In defense of Brain drain

Nadeem Khan

Much has been said about the loss that happens to the home country when its highly educated and skilled people migrate to the developed world in pursuit of a better lifestyle, high income or opportunities to achieve their dreams. This phenomenon is commonly known as the “brain drain” in the parlance of the social sciences. Social scientists have argued against brain drain ( for example Jagdish N. Bhagwati (1976) has proposed the imposition of tax on the receiving country of the brain) and have called for the brain gain- that is bringing high-skilled people to the home country-. Their arguments notwithstanding, however, in political situations and geographical locations like ours, these brains could be rotted away and skills might be rusted off because of the non-availability of proper habitat. I prefer to call this phenomenon “brain stagnation”.
In the Malakand region of K.P. where I live, I see highly educated people, often having foreign degrees in STEM subjects or the humanities, are compelled to memorize who was Akbar’s tutor or who built the Qutub Minar?
They are unwillingly drawn to this competition of cramming names and dates by the National Testing Service (NTS) which conducts tests for most of the government’s posts, especially elementary and secondary education and the police. Qualified people appear in these tests because they are crossing the age limit that is set by the government for the induction of employees.
These people at this critical stage want to “secure their age” either in teaching or the police- the two commonly available government jobs for the educated folk here. Additionally, they want to survive (don’t confuse it with a decent living) but cannot do hard labour work because of the cultural and physical constraints. A few handy examples will illustrate this point further. Dr Ahmad has a PhD in chemistry on a Fulbright scholarship from the USA.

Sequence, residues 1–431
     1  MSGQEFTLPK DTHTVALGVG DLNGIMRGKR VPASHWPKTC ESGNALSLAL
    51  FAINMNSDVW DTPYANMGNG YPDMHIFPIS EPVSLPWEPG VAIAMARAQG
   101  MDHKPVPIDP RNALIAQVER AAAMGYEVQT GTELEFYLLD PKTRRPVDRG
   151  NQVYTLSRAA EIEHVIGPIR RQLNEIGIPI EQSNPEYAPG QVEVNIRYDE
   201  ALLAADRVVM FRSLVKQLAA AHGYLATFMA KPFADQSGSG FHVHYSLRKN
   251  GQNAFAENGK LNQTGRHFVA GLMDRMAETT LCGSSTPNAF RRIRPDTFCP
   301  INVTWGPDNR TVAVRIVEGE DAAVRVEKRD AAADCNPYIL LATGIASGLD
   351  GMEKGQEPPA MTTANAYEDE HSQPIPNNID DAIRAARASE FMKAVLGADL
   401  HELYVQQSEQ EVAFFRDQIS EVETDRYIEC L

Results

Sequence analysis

After returning to the motherland, he applied for jobs at many universities in Pakistan but did not get any response, finally, he got a visiting faculty position at the University of Okara where he “ make ten to fifteen thousand rupees per month”.
Dr Sehroon Khan shared his exasperation like this “Only I was the only candidate eligible for the post of associate professor in Biochemistry at Hazara University, and I have three postdocs, a first author patent, 40+ SCI papers with accumulative SCI impact factor of 130+, the Best paper award from World Agroforestry Centre (CMES), around 1000 citations, three projects completed with a total worth of 22 million rupees, and so many more…yet surprisingly, I was informed that I have failed the interview and the post has to be re-advertised”.
Dr Rahman completed his PhD in microbiology from China.
He found himself jobless and broke like much other educated youth after returning to Pakistan. Coming under extreme financial pressure, he went to the job market where every degree holder goes – the private schools. He did not receive a job offer from any school either because the school already had a teacher or, more importantly, the school administration felt embarrassed paying Rs. 10000 to a foreign PhD holder.